The Legacy of the Buffalo Nickel

Buffalo Nickels

Cultural Significance

The Buffalo Nickel remains a poignant symbol of America’s frontier heritage and the nation’s natural splendor. Its design encapsulates a pivotal era in American history, celebrating the spirit of exploration, resilience, and the indigenous peoples who shaped the landscape.

Influence on Coinage

The impact of the Buffalo Nickel extends beyond its era. The design’s enduring appeal influenced subsequent coin designs, notably inspiring the American Buffalo Gold Bullion Coin introduced by the United States Mint in 2001. This modern rendition pays homage to Fraser’s original vision, catering to collectors and investors alike.



The Buffalo Nickel transcends its monetary value, embodying a legacy of artistic excellence, cultural homage, and historical significance. From its tumultuous production history to its cherished status among numismatists, the Buffalo Nickel stands as a testament to America’s diverse heritage and enduring spirit.

Frequently Asked Questions (FAQs)

  1. Why is it called the Buffalo Nickel? The Buffalo Nickel derives its name from the iconic American bison depicted on its reverse side. The term “nickel” refers to its five-cent denomination.
  2. Who designed the Buffalo Nickel? Sculptor James Earle Fraser designed the Buffalo Nickel, drawing inspiration from Native American culture and the American West.
  3. When was the Buffalo Nickel minted? The Buffalo Nickel was minted from 1913 to 1938.
  4. What is the most valuable Buffalo Nickel? Among the most valuable Buffalo Nickels are rarities like the 1913-S Type 2 and the 1937-D “three-legged” buffalo variety, prized for their scarcity and condition.
  5. How can I determine if my Buffalo Nickel is valuable? Assess its date, mint mark, and condition. Certain key dates and mint mark combinations fetch higher prices, while coins in better preservation grades command greater value.
  6. What is the significance of the buffalo on the coin? The buffalo symbolizes the rugged beauty of the American West and its wildlife, paying homage to a bygone era of frontier exploration and Native American culture.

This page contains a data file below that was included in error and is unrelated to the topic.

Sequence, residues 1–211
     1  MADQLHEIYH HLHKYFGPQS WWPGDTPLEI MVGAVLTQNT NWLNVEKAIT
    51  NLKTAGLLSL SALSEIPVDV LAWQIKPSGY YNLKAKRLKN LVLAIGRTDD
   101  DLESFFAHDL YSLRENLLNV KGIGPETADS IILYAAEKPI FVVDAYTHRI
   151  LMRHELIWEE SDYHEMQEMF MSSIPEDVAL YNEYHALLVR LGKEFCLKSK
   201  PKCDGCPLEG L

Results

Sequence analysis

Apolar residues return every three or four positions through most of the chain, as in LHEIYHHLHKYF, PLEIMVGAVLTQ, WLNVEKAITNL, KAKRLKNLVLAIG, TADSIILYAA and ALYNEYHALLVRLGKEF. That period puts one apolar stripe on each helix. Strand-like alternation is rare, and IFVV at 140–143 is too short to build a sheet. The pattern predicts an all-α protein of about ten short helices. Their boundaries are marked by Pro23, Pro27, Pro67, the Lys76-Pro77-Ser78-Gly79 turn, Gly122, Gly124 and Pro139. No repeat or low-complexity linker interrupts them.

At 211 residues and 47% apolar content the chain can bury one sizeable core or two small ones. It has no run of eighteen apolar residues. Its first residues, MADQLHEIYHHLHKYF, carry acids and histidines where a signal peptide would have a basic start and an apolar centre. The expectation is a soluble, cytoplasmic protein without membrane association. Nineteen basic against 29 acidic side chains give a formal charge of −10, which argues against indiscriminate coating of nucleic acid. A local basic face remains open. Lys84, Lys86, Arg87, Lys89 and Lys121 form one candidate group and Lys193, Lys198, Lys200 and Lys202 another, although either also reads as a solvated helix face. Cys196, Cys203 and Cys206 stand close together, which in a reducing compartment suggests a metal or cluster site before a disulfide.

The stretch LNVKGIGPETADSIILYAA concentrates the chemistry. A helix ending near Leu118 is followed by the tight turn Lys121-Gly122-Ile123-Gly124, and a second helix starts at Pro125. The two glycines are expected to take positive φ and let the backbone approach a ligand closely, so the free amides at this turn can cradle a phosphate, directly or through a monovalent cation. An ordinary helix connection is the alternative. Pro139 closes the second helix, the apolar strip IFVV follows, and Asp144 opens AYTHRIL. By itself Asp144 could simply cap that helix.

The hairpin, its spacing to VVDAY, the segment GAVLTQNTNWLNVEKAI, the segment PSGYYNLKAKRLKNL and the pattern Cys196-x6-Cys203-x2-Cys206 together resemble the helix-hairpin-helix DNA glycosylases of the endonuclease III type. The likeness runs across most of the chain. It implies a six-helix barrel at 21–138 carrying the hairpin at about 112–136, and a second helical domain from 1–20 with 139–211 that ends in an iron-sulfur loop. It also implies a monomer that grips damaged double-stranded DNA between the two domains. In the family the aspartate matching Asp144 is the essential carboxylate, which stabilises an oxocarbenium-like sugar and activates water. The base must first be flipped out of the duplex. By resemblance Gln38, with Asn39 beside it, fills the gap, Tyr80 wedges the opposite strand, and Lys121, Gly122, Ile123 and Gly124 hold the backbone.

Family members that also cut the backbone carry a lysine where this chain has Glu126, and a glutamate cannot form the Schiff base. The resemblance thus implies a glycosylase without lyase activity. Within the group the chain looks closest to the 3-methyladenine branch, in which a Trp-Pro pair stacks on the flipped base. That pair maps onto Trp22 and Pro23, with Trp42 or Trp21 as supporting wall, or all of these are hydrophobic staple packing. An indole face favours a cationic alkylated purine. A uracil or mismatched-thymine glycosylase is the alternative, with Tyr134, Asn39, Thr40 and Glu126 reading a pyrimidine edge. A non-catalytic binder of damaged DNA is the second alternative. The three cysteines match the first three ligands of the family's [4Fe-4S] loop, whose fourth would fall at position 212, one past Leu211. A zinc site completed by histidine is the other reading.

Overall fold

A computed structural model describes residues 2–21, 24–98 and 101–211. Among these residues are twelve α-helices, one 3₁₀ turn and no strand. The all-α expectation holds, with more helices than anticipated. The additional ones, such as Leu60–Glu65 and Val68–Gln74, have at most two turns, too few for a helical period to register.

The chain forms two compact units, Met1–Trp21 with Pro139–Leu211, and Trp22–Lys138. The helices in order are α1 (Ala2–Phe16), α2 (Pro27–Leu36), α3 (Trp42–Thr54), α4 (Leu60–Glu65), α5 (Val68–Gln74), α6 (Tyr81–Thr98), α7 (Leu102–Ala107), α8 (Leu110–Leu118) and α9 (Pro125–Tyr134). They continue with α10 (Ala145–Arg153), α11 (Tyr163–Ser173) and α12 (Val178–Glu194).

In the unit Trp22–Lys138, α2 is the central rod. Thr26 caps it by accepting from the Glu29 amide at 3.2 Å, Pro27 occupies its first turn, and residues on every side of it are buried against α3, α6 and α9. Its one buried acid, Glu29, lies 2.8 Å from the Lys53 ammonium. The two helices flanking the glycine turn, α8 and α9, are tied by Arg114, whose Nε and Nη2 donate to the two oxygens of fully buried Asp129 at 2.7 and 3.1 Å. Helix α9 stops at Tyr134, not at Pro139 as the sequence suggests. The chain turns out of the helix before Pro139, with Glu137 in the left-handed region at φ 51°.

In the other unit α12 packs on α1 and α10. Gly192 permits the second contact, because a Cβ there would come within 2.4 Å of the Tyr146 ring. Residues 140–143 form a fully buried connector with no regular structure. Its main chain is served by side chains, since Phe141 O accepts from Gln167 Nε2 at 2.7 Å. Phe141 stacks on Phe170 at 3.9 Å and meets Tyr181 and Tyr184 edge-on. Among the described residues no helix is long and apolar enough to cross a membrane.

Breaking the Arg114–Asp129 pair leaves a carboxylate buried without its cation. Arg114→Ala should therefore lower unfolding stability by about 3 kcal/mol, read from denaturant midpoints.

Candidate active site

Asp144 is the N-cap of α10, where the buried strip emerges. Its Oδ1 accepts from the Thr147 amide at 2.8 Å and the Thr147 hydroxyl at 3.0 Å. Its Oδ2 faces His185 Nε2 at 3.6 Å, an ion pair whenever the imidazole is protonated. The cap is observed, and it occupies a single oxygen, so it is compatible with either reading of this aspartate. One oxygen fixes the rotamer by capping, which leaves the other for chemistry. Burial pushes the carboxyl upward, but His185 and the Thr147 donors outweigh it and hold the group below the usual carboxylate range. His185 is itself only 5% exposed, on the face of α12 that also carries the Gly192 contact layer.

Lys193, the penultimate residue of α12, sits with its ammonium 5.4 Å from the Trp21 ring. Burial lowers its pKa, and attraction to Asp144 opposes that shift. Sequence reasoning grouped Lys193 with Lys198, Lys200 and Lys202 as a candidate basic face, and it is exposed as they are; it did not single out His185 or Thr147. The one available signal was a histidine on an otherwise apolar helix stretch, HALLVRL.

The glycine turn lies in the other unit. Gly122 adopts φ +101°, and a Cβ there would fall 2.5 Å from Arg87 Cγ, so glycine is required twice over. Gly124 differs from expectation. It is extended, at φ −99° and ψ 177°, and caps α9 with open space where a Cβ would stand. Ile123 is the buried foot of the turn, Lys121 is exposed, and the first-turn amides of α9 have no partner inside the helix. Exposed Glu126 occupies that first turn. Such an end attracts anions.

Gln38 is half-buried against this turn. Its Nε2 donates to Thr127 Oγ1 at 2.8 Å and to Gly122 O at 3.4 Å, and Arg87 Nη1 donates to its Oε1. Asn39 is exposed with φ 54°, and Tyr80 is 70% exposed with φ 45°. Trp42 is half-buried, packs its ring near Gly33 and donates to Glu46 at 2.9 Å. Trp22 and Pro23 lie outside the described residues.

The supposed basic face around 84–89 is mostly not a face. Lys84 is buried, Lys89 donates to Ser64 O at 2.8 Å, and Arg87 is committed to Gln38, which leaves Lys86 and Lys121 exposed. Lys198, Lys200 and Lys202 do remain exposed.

7. What are some tips for identifying a Buffalo Nickel’s mint mark? The mint mark on Buffalo Nickels is located on the reverse (back) of the coin, below the denomination “FIVE CENTS.” Look for a small letter: “D” for Denver, “S” for San Francisco, or absence of a mint mark indicating Philadelphia mint.
  8. Why are some Buffalo Nickels worn down or missing details? Many Buffalo Nickels circulated widely during their time in use, causing wear and tear. This wear, along with the coin’s design, can result in details like the date or buffalo’s horn being worn away over time.
  9. What is the significance of the 1937-D “three-legged” Buffalo Nickel? The 1937-D Buffalo Nickel gained fame due to a minting error where excessive polishing caused the buffalo’s front leg to be partially or completely missing. This variety is highly sought after by collectors for its rarity and distinct appearance.
  10. Can I find Buffalo Nickels in circulation today? While rare, it is possible to find Buffalo Nickels in circulation, particularly those minted in the early 20th century. However, due to their age and collector value, they are less commonly encountered in everyday transactions.
  11. What should I do if I suspect I have a valuable Buffalo Nickel? If you believe you have a valuable Buffalo Nickel, it is advisable to have it authenticated and graded by a reputable coin dealer or professional grading service. They can assess its condition, rarity, and market value accurately.